The brilliance of this production, directed by Moshe Yassur, is manifold. It is steeped in the visceral reality of a believable family, one with palpable dynamics that work as kitchen-sink realism within a frame of the avant-garde naturalism that may well have been Miller’s intention all along. The play, in some sense, is a dream play, entirely a projection of Willy Loman’s mind and thoughts. It’s the most likely, if not only, scenario that explains the drama’s weirdness; at times it’s like a David Lynch movie, with events and characters from different times and places all being played out at once.
But because at the base of this dream, Miller stumbled upon or concocted such an archetypal story, the experimental formalism of his work (which must have seemed radical at the time, and still plays as such in this production so loyal to those original intentions) got shunted aside in favor of a sociocultural docudrama, such that even the enthusiastic theatergoer is used to thinking about “Death of a Salesman” in those terms, never having been exposed to a proper rendering of Miller’s dream.
The New Yiddish Rep thus scores in both exploring heretofore overlooked nuances in the family specifics, i.e., taking the long-discussed question about whether Miller intended the family to be Jewish one step further and seeing what happens to the play if they are (although the only overtly Jewish characteristic they are given is having them speak Yiddish at home and English out in the world among Gentiles, leaving one to wonder how different this might have been if, for example, the Lomans spoke Italian), and luxuriating in the framing devices that strongly suggest that what we are witnessing is the inner life and torment of a Willy Loman haunted by the ghost of a wealthy brother (perhaps merely a projection of Willy’s alter ago), hearing voices in crisscrossing conversations between present and past situations, and suffering a nervous breakdown caused by the return of the repressed.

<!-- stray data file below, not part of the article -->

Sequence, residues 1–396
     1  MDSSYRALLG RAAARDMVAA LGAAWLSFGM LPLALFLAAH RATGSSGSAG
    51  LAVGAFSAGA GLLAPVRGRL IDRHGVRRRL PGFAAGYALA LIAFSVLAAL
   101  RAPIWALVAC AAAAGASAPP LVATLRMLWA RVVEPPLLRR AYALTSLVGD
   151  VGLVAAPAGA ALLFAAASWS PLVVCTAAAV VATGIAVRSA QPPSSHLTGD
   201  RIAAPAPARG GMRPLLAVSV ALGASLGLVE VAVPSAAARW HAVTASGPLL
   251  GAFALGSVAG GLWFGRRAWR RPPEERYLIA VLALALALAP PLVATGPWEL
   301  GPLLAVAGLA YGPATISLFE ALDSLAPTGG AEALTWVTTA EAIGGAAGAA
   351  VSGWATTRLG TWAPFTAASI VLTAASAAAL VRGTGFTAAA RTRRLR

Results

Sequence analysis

None of this could have worked so well and packed the powerful punch it does without sterling performances by the strong and deep ensemble (standouts including the aforementioned Hoffman and Kahn as well as Shane Baker as next-door-neighbor Charley and Ben Rosenblatt as Charley’s son, Bernard), incisive staging, and brilliant technical aspects of the production, including Ellen Mandel’s sound design and score, featuring Michael Winograd’s evocative original clarinet solos.
The New Yiddish Rep’s “Death of a Salesman” should be seen by anyone serious about American theater – regardless of the Jewish question – as well as those who will simply thrill at the sound of a classic translated into Yiddish, with or without regard to its interpretive power of suggestion.
Seth Rogovoy is an award-winning cultural critic and the author of “The Essential Klezmer” and “Bob Dylan: Prophet Mystic Poet.”
Notes about the production and ticket and run information from the program:
“Death of a Salesman” in Yiddish, produced in association with the multi-cultural Castillo Theatre, runs seven weeks from October 8 through November 22, at the Castillo Theatre, 543 West 42nd Street. The opening is set for Thursday October 15. Arthur Miller’s centennial is October 17.
Using the translation created by Joseph Buloff during “Salesman’s” Broadway premiere — the unauthorized production scored an instant success in Argentina during the play’s Broadway run and was subsequently authorized by Miller and given almost unfettered US staging rights — New Yiddish Rep’s production further adapts the Buloff translation. This is the first time the play in Yiddish is geared to a predominantly non-Yiddish-speaking audience. English supertitles are used.
In addition to Hoffman, the cast of 12 also features the Detroit-born and Berlin-based actor, composer and klezmer star Daniel Kahn (as Biff); vaudevillian and celebrated Yiddishist Shane Baker (as Charley); veteran actress Suzanne Toren as Linda; Lev Herskovitz, in his Off-Broadway debut, as Happy; Arielle Beth; Amy Coleman; Itzy Firestone; Ilan Kwittken; Ben Rosenblatt; Shayna Schmidt and Adam Shapiro.
For tickets, which are $50, call 866/811-4111 or visit www.castillo.org, or the Castillo Theatre box office. Performances are Wednesday, Thursday, Friday at 7pm; Saturday at 2pm & 7pm and Sunday at 2pm with an added performance on Tues October 20 at 7pm and no performances on Wed/Thurs November 4 and 5.